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Myth of Procrastination–and One Powerful Strategy

Updated: Feb 8

As a "get-things-done" kind of person, I love productivity tools: sticky notes, planners, checklists, highlighters, notepads, etc. My kids know I can't walk through the planner/organizer aisles without something catching my eye!

These productivity tools may be motivating at first. They may help organize things we want to do. But the truth is they're less helpful when we procrastinate. (I've learned this the hard way!) That's because procrastination is less about forgetting or being distracted and more about avoidance.

As the iconic character Scarlett O'Hara said in "Gone with the Wind" after Rhett leaves her:

"I can't think about that today. I'll go crazy if I do. I'll think about that tomorrow."

Holding high expectations is an admirable trait among leaders, until...these expectations hold them back from making a major change or a big leap.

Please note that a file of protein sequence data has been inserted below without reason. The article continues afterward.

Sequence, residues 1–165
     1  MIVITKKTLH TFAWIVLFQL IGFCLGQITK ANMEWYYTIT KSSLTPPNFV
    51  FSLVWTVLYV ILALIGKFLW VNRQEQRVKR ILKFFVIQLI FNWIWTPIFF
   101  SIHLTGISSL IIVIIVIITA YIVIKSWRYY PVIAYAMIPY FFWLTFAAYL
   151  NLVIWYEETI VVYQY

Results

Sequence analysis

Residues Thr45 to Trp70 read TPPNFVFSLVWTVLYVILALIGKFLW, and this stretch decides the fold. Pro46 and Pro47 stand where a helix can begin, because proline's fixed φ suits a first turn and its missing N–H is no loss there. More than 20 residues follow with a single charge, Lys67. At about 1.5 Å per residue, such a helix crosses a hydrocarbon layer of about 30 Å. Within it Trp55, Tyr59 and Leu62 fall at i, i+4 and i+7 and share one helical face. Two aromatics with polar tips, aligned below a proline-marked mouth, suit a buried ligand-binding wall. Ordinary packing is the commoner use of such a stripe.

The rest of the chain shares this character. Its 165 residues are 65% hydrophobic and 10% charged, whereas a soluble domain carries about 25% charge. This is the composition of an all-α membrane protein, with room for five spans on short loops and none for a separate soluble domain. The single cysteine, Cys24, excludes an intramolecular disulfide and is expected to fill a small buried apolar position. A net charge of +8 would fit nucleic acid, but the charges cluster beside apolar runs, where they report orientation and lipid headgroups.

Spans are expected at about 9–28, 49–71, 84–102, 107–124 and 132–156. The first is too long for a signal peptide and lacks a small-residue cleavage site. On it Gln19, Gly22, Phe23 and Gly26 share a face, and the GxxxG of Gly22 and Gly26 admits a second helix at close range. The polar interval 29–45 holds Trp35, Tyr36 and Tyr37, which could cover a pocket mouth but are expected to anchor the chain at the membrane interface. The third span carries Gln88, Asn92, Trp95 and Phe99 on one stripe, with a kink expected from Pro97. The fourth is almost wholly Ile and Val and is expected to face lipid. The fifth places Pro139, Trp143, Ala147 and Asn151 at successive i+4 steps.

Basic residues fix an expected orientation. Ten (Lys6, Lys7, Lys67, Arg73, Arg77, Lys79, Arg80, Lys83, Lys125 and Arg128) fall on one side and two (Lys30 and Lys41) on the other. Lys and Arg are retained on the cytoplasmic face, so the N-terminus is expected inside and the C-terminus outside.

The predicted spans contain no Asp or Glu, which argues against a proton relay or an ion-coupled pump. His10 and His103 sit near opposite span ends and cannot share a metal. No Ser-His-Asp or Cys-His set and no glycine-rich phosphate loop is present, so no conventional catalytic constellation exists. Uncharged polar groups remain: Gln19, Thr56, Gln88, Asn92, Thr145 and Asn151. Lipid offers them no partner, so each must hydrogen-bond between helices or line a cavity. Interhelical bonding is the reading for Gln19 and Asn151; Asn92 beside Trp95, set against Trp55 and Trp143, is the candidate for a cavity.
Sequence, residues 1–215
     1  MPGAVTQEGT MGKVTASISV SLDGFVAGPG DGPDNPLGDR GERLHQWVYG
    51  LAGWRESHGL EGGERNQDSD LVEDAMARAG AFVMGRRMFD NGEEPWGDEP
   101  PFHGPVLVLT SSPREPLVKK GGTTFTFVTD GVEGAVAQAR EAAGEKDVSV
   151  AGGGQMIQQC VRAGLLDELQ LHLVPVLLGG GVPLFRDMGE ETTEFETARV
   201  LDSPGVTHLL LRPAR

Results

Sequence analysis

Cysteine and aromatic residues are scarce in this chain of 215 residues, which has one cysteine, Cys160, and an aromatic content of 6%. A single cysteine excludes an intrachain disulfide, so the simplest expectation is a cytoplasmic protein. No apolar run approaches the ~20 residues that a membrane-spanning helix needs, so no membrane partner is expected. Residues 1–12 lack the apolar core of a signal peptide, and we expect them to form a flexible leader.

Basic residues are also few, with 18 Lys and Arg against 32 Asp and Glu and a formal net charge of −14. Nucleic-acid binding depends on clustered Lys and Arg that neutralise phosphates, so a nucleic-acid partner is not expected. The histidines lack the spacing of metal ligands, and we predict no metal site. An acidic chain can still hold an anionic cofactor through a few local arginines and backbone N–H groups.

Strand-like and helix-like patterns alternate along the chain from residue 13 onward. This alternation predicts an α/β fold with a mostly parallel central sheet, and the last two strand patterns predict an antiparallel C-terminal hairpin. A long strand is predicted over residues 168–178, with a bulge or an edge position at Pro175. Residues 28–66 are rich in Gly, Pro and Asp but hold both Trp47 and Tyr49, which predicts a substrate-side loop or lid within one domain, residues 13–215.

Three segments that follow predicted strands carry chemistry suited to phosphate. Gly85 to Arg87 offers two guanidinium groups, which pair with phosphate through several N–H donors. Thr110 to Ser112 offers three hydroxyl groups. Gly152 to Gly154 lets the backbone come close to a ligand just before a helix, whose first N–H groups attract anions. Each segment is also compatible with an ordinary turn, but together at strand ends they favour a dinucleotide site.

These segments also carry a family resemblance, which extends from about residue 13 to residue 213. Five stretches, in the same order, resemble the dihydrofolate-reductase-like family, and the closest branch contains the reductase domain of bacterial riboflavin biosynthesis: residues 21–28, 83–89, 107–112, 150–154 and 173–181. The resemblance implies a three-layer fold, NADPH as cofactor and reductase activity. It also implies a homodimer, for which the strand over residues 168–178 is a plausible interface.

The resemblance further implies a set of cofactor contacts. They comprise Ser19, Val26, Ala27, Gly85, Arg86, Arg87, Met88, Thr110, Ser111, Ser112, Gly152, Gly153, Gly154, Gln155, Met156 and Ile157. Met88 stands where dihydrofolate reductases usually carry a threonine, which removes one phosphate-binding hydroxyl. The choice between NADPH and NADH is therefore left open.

• a business owner who wants to raise his rates but doesn't believe in his value

  • an executive who avoids giving critical feedback to a key vendor to avoid hurting feelings

  • the business owner who wants grow the business but is afraid of making a bad hiring decision

When procrastination strikes (or seems to want to move into your mind for good), try this strategy to break the cycle.

Think smaller. Identify one small step (and only one) you can commit to that will move you forward. Let go of all the times you have procrastinated. Don't let yourself get caught up in the "big-ness" of the goal, issue, or opportunity. Instead think smaller. Think about what's doable and what will simply get you into action.

Instead of feeling overwhelmed by making sweeping rate changes, choose to propose higher rates to the one next prospective client.

Instead of feeling burdened by sharing long-overdue critical feedback, choose to give one piece of current critical feedback on your next vendor call.

Instead of fearing failure in the recruiting, hiring, and onboarding process, choose to make a list of what's important in a new hire.

One small action can build motivation and confidence. From there you can take on another small action. Or maybe two. Or maybe a bigger action. Over time, you can build new ways of managing doubt, overwhelm, or fear.

What is one small action you commit to?

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